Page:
Monday, July 11, 2011
When I first started reading this book I thought I would have liked to go to an all female college. There is one in Raleigh- Meredith College, and I just love the idea of all those traditions and like it is one big sorority.
This book made me re-think that. In the book everything was so focused around lesbianism that it was not appealing to me. And they were all sooo feminist. Too liberal for me.
Anyway, the book is about four friends who are all VERY different. They end up on the same floor in their dorm freshman year and develop a friendship that follows long after graduation. Bree is the beautiful, southern girl who is engaged when she comes to college, but ends up in a relationship with a woman. Sally is Miss Perfectionist who wants to go to med school but ends up to be the first to settle down and get married at 25. Celia is the bubbly, outgoing peacemaker of the group. She’s the kind of girl who gets along with just about anyone. And April is your hard core, radical feminist who joins all the radical organizations and fights for equal rights and causes she believes in.
The book starts with the girls meeting on their first day in their dorm. It follows them through college and then meets up with them a few years later for Sally’s wedding. The main portion of the book centers on what happens at and after the wedding with flashbacks to their college days.
Each chapter is written from the perspectives of one of the girls. I enjoy that layout for a book.
The only thing I didn’t like about this book was the ending. It walks you up to the end of the cliff and then you step off and then nothing. I wanted to see their reactions and know what happens, but the book just ends. That was frustrating.
But overall I really enjoyed this book and give this one 4 out of 5 stars.
I really enjoyed this book. It is the story of a defense attorney who lands a very wealthy client who is accused of attempted rape and murder. I am really bad at knowing how much or how little to reveal about a story in my reviews, so here is a synopsis from goodreads.com:
Criminal defense attorney Mickey Haller's father was a legendary lawyer whose clients included gangster Mickey Cohen. But Dad also passed on an important piece of advice that's especially relevant when Mickey takes the case of a wealthy Los Angeles realtor accused of attempted murder: "The scariest client a lawyer will ever have is an innocent client. Because if you [screw] up and he goes to prison, it'll scar you for life."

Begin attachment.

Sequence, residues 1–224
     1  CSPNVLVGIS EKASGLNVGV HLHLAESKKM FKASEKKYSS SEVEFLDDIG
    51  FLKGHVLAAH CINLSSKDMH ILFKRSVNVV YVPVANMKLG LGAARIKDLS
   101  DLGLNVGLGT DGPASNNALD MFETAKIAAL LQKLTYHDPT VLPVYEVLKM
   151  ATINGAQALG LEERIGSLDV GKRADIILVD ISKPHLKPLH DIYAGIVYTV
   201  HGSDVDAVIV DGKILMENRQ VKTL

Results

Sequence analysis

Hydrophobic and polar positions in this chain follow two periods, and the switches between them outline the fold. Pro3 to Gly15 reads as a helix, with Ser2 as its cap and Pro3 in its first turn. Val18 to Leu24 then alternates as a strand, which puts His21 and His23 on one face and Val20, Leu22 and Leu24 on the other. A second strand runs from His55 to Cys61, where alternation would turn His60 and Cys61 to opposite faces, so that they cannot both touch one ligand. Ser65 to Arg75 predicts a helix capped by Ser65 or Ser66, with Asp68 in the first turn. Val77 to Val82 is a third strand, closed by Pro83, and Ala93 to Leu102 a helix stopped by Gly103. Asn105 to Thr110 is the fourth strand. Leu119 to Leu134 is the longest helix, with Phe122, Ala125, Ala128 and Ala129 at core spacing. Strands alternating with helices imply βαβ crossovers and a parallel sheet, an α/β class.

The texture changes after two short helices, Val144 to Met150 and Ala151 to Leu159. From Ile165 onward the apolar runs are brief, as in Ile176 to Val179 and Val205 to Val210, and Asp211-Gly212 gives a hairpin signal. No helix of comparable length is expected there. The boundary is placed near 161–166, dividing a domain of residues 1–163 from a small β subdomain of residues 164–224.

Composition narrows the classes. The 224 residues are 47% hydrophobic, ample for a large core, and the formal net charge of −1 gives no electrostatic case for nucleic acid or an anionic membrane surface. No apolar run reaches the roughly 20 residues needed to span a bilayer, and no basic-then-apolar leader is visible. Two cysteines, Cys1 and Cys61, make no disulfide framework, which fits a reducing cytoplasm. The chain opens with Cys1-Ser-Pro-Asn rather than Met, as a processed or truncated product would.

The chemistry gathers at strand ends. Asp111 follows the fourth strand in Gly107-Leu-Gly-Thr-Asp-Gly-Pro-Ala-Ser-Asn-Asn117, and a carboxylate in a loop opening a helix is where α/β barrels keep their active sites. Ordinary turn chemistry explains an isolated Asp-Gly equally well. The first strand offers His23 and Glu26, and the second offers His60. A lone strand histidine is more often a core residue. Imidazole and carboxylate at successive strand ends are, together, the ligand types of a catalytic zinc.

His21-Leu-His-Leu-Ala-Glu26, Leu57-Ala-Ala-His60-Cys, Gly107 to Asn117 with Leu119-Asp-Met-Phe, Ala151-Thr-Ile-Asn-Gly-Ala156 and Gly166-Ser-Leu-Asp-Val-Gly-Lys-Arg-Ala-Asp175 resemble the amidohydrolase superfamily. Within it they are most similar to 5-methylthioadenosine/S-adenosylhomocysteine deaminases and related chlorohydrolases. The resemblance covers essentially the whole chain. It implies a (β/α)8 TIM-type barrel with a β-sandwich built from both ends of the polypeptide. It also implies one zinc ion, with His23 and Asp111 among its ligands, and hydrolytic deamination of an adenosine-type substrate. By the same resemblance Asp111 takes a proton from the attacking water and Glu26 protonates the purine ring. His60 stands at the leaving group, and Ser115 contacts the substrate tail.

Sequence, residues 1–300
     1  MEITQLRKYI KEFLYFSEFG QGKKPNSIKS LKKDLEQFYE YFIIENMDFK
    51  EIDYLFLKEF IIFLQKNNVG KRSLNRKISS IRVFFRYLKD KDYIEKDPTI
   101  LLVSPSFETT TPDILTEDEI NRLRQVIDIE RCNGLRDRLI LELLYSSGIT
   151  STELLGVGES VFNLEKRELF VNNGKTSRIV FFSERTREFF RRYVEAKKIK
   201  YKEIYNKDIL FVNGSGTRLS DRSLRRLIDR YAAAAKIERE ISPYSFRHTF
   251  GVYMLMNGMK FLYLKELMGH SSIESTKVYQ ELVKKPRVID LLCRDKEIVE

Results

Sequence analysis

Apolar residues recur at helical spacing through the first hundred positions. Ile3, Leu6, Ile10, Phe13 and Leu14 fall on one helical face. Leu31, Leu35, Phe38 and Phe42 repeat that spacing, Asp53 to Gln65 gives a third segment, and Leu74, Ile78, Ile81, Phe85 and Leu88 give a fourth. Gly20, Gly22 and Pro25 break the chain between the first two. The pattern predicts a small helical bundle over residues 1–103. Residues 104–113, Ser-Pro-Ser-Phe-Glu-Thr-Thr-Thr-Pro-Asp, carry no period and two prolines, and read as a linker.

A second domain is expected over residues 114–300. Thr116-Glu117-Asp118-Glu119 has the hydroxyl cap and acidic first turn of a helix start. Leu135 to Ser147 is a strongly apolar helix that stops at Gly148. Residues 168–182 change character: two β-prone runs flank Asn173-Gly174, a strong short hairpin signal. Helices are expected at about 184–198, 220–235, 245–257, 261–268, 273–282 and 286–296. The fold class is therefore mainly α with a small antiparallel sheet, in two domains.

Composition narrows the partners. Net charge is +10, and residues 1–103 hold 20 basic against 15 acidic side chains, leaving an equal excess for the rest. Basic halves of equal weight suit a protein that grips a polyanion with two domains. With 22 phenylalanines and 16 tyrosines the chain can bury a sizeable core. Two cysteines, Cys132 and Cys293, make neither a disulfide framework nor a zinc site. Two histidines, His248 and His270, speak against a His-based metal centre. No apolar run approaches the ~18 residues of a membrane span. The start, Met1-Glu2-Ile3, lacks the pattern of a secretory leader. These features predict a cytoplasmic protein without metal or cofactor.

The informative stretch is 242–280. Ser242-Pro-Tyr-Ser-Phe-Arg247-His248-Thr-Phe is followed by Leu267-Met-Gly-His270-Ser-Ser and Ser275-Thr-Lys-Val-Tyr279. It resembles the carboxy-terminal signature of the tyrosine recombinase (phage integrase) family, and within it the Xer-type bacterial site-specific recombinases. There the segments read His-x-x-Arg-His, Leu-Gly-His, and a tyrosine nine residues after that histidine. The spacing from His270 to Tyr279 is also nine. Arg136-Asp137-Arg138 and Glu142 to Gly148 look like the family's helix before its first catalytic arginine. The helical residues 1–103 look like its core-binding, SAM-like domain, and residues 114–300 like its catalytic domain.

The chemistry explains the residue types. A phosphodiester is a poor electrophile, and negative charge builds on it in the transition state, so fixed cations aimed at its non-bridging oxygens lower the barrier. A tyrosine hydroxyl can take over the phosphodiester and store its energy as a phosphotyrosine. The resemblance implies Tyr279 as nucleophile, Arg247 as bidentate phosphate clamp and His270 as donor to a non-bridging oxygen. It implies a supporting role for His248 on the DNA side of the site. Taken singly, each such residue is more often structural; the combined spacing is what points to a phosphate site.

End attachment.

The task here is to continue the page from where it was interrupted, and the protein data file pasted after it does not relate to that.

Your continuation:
Louis Roulet, Mickey's "franchise client" (so-called becaue he's able and willing to pay whatever his defense costs) seems to be the one his father warned him against, as well as being a few rungs higher on the socio-economic ladder than the drug dealers, homeboys, and motorcycle thugs who comprise Mickey's regular case load. But as the holes in Roulet's story tear Mickey's theory of the case to shreds, his thoughts turn more to Jesus Menendez, a former client convicted of a similar crime who's now languishing in San Quentin. Connelly tellingly delineates the code of legal ethics Mickey lives by: "It didn't matter...whether the defendant 'did it' or not. What mattered was the evidence against him--the proof--and if and how it could be neutralized. My job was to bury the proof, to color the proof a shade of gray. Gray was the color of reasonable doubt." But by the time his client goes to trial, Mickey's feeling a few very reasonable doubts of his own
The book keeps you on your toes trying to figure things out from what really happened with the crimes and how it is going to play out for Mickey and his clients in court.
If I had read this book before seeing the trailers for the movie, I would have never ever envisioned Matthew McConaughey as Mickey Haller. But it was nice to picture that hottie as I was reading the book. I can’t wait to see the movie now!
I give this one 4 out of 5 stars.